The study comprised 27 hyperthyroid patients (18 with Graves' disease and 9 with toxic nodular goiter), 44 hypothyroid patients (37 of them with thyroid antibodies) and 71 control subjects. Mean age in the 3 groups was 52.6, 55.9 and 54.1 years, respectively. Mean serum concentrations of free testosterone and prolactin were in the mid-normal range, without differences between the 3 groups. Medication (sedatives, antihypertensives, beta-blocking agents, statins) were used by 10 hyperthyroid patients, 13 hypothyroid patients, and 22 controls, without obvious differences in the type of medication between the 3 groups. SHIM scores at baseline were lower in the hyperthyroid (median: 17.0, range: 7-25) and hypothyroid patients (median: 14.5, range: 7-25) than in the controls (median: 24.0, range: 8-25; p<0.0001). Erectile dysfunction (SHIM score 21 or less) was observed in 19 of the 27 hyperthyroid patients (70.4%), in 37 of the 44 hypothyroid patients (84.1%), and in 24 of the 71 controls (33.8%; p<0.0001). Severe ED (SHIM score 10 or less) existed in 29.6% of hyperthyroid patients, 29.5% of hypothyroid patients, and 9% of controls (p<0.01). SHIM scores were not different between hyper- and hypothyroid patients, and correlated positively with FT4 and negatively with TSH in hypothyroid patients, but the SHIM scores did not correlate either with FT4 or TSH in hyperthyroid patients. No difference in SHIM scores was found between hyperthyroid patients due to Graves' disease or toxic nodular goiter, nor between hypothyroid patients with or without thyroid antibodies. After the restoration of a euthyroid status, TSH and FT4 levels were comparable to those of controls. SHIM scores increased significantly in both hyperthyroid and hypothyroid patients to median values of 24.0 (range: 9-25), not different from those found in the controls.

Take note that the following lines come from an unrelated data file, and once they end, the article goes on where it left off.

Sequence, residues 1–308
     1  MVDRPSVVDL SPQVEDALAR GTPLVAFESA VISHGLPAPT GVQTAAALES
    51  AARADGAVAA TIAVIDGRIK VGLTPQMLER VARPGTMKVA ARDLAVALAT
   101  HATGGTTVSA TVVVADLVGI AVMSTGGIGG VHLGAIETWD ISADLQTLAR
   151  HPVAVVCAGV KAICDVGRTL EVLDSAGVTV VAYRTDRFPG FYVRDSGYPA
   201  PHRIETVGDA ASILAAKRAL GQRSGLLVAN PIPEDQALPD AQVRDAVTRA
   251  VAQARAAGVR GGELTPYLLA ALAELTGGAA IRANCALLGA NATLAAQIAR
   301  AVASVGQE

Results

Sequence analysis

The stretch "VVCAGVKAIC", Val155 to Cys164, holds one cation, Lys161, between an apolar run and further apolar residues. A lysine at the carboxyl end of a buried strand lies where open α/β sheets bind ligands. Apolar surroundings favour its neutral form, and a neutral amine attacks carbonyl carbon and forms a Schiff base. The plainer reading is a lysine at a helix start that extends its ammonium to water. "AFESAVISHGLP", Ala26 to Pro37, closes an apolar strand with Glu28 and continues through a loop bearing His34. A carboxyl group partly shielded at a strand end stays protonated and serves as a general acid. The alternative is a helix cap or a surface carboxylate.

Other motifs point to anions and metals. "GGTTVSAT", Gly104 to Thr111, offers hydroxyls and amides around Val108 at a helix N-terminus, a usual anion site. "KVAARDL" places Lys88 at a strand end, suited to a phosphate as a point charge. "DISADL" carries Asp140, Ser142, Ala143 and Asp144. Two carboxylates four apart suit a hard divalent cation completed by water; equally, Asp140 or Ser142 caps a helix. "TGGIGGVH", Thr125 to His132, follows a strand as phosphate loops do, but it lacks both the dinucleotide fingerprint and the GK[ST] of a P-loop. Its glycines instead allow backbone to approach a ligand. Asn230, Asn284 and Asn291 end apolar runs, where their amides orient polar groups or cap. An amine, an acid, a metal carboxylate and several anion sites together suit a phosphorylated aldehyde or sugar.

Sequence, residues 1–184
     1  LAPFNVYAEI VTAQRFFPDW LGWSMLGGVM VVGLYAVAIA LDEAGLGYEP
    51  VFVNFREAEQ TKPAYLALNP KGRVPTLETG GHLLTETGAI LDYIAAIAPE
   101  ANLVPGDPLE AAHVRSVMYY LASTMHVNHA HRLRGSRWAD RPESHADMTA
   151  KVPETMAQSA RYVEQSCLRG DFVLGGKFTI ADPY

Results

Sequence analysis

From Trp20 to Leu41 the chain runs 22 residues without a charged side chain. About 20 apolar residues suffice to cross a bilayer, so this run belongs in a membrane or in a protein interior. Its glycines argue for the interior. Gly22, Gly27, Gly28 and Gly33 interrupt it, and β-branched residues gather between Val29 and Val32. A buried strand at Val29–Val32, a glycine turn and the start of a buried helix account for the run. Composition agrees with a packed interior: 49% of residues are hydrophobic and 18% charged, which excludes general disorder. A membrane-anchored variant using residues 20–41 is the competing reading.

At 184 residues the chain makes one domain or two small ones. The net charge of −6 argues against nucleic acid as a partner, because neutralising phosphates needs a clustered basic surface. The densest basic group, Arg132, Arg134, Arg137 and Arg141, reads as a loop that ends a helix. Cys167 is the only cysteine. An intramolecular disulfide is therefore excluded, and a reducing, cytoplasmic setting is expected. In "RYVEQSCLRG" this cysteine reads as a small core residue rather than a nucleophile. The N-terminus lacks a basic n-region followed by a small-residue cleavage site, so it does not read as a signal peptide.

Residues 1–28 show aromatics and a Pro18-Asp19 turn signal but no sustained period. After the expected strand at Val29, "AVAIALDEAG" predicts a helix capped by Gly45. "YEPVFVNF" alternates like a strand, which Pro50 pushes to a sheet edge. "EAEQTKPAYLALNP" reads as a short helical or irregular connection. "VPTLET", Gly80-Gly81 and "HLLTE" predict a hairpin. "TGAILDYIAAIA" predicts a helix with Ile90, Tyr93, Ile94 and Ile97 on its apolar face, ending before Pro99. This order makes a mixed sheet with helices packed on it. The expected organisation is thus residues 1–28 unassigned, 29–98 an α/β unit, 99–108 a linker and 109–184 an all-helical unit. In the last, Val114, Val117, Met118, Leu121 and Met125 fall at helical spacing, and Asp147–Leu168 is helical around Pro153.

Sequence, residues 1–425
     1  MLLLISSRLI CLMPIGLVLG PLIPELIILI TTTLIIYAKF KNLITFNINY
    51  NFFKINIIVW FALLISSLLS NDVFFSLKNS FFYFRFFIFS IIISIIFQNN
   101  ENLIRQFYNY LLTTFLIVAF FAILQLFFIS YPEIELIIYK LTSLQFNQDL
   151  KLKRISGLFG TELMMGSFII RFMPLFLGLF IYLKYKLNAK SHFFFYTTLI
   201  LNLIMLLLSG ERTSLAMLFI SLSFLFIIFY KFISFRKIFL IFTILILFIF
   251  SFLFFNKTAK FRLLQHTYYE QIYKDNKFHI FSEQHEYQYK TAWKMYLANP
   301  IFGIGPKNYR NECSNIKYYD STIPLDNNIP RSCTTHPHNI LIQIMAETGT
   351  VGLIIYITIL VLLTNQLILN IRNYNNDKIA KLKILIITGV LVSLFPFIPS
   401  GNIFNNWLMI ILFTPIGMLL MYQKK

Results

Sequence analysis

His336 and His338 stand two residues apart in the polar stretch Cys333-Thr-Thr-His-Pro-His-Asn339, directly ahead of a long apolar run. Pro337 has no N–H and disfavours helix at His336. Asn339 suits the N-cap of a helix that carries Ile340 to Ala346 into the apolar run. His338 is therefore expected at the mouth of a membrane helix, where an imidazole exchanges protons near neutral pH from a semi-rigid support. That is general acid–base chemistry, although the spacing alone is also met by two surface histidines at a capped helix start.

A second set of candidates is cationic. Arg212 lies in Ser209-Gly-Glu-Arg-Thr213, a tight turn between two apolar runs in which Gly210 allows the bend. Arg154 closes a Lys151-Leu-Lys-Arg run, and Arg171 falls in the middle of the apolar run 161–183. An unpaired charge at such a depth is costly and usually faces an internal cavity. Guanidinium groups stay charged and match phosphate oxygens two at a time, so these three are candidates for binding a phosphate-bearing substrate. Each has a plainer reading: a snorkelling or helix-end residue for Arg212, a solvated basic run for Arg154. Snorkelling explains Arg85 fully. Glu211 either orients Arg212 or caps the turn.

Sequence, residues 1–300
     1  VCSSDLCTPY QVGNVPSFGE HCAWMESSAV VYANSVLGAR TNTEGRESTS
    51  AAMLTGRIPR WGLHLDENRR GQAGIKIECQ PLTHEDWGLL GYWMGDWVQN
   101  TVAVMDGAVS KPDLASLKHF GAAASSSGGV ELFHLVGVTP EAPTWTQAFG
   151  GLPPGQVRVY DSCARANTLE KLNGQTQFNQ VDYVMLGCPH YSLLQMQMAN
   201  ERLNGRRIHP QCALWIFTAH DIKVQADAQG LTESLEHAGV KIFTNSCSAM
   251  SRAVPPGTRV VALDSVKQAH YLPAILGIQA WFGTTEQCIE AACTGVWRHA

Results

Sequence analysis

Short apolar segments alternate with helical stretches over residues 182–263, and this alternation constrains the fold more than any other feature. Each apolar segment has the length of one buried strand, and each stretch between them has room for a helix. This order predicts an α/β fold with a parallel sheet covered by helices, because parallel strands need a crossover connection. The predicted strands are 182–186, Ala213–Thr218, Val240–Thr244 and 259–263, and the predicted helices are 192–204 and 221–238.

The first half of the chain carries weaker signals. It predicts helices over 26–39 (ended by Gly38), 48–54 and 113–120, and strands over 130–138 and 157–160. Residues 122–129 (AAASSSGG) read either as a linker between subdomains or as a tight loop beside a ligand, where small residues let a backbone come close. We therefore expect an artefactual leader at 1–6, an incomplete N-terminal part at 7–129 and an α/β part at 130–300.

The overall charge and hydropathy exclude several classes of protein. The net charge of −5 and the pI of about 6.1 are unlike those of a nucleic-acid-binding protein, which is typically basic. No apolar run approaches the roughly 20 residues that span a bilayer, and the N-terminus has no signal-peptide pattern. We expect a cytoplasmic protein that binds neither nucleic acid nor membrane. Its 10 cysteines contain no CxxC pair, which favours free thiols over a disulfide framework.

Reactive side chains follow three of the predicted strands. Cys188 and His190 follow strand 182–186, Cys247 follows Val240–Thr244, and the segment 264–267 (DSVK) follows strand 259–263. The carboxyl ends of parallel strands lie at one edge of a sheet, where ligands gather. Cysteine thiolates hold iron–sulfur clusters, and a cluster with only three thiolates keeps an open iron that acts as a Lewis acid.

Erectile dysfunction has a high prevalence of 78.9% in untreated hyper- or hypothyroidism, significantly higher than the prevalence of 33.8% in controls. Restoration of euthyroidism also restores erectile function to levels of control subjects. Authors’ recommendation is to postpone specific treatment for erectile dysfunction for at least six months after achieving euthyroidism.